What's new in Turkey's fluctuating relationship with the EU?

ESRA KARATAŞ ALPAY
Published
(From left to right) Justice Minister Abdülhamit Gül, Foreign Minister Mevlüt Çavuşoğlu, Treasury and Finance Minister Berat Albayrak and Interior Minister Süleyman Soylu during a joint press conference held following a meeting with the EU delegation
(From left to right) Justice Minister Abdülhamit Gül, Foreign Minister Mevlüt Çavuşoğlu, Treasury and Finance Minister Berat Albayrak and Interior Minister Süleyman Soylu during a joint press conference held following a meeting with the EU delegation

Turkey and the EU have recently reached important decisions to improve trade and enhance economic and financial cooperation for a better future in which both parties benefit

Just recently, Turkey and European Union representatives resumed some significant meetings, called Reform Action, after a three-year break. At the end of the gatherings, four leading Turkish ministers gave a news briefing to the press. One of the ministers said that EU reforms have resurfaced after the global markets attempted to downplay the value of the Turkish lira against the U.S. dollar, which has the potential to affect not only the financial economy of Turkey but also of all the other regional countries. For few years, there has been a huge threat to the existing trading balance, which is likely to cause turbulence in all the markets worldwide. There are also other risky conflicts such as the ongoing proxy wars in the regional countries, the presence of the failed state governments in the region and the humanitarian and refugee crises. They are all continuing to unbalance the social and national security of the region, and particularly of Turkey. Hence, the financial economic stability of Turkey is extremely important for the already volatile region.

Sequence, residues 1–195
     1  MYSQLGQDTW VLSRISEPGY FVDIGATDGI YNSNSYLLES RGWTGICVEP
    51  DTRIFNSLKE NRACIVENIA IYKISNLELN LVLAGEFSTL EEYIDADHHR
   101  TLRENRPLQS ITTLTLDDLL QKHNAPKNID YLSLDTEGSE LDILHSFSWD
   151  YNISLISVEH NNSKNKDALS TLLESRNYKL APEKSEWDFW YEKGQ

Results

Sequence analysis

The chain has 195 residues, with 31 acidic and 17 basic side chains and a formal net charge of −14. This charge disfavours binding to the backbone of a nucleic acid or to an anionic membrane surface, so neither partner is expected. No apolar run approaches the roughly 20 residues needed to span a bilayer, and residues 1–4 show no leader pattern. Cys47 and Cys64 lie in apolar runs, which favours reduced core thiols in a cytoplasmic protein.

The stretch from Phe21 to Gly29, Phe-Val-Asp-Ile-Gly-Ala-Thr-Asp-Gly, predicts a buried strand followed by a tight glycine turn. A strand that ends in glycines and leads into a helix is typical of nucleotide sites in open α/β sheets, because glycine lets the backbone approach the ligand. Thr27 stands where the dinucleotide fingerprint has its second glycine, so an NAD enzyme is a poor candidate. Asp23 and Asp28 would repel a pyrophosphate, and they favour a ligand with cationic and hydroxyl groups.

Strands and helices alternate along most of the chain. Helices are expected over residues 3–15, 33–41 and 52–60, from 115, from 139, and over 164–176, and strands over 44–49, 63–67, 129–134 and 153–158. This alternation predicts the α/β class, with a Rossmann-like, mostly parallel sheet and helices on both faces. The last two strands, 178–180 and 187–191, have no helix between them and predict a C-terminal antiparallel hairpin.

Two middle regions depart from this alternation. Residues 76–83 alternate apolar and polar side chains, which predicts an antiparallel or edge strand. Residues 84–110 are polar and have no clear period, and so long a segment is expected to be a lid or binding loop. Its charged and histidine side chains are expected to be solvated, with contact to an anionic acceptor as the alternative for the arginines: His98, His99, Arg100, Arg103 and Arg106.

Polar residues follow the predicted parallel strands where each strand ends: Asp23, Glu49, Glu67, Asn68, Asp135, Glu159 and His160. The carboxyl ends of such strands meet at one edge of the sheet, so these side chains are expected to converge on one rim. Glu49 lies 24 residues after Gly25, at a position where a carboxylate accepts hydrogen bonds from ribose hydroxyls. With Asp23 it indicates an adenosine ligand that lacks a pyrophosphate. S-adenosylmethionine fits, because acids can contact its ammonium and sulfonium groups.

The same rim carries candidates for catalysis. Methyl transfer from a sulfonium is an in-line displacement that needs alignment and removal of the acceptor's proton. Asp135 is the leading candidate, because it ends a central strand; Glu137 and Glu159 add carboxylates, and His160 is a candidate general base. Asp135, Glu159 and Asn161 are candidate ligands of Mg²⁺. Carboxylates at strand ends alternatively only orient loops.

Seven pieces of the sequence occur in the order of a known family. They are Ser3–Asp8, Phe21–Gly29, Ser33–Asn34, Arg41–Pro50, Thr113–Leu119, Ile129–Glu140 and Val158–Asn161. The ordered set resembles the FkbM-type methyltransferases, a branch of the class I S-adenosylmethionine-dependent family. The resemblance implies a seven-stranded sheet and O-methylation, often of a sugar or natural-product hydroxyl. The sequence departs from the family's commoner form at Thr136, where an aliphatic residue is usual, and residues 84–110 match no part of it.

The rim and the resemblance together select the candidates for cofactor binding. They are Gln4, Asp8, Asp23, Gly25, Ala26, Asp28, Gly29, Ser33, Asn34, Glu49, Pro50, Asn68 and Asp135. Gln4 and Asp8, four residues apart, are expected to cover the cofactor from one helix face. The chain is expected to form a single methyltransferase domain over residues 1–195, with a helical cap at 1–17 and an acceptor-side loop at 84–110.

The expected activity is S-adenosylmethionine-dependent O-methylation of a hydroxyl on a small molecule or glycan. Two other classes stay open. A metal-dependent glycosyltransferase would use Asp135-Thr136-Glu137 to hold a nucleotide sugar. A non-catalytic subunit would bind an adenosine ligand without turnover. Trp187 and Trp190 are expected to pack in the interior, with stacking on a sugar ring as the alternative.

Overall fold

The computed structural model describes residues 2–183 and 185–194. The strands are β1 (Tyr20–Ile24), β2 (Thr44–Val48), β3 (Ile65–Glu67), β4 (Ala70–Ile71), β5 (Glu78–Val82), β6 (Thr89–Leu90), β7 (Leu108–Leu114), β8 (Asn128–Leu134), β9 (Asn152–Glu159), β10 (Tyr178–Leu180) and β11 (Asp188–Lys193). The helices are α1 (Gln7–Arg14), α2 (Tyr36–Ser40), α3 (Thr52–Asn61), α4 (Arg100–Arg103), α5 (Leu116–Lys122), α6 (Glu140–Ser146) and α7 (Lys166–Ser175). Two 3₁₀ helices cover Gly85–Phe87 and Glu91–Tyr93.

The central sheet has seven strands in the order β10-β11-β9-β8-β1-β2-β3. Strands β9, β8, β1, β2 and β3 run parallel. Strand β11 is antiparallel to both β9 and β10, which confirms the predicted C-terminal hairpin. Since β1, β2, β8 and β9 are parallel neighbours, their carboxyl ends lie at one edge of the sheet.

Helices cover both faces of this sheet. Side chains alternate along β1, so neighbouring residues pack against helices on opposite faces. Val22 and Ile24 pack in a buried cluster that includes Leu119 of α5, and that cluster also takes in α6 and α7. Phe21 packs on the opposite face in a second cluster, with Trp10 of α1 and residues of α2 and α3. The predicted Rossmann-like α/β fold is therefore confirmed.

Speaking following the meeting, Foreign Minister Mevlüt Çavuşoğlu, accompanied by EU leaders, stated that all parties agreed to speed up the political reform process which includes the enhancement of the existing judicial basic rights, justice, freedom, protection of individual data, security of institutions and individuals. It can be easily said that the close cooperation with the European Council will bring a close collaboration for the partnered committees of member states, where Turkey remains an essential founding member as well as a parliamentary assembly member, involving all related human rights fields and other institutions.

Headlines from the meeting

On May 13, EU delegations also held a meeting and discussed their mutual expectations for all involved parties. What helped the delegations improve their cooperation for the purpose of common benefits regarding each member respectively was the threatening global economic system. In the meeting, Turkey requested to improve collaboration to fight the regional terrorist groups such as the PKK, its Syrian affiliates – the Democratic Union Party (PYD) and its armed wing People's Protection Units (YPG) – Daesh and the Gülenist Terror Group (FETÖ).

The meetings, also encompassing foreign policy, energy, transportation, the fight against terrorism, security and economy, promised hope for the upgrading of universal norms and standards of human rights.

The meeting was productive as all parties intended to improve relations in every aspect. The Turkish government initiated a reform program with important headings: Judiciary, Security, Justice and Freedom where the European Human Rights Agreement will be taken into account to enhance a strong law system in Turkish courts, which in turn will lead to a stronger democracy. The new government will enforce the rulings in the court of law on Jan. 1, 2019. Any possible breaching of human rights and freedom will be prevented as European laws will be increasingly implicated into the Turkish judiciary system. Hence, the Turkish judiciary system will improve standards to increase the trust and confidence within the Turkish public. The state of emergency, for example, was in effect due to terror threats and attacks in the country and ended on July 19.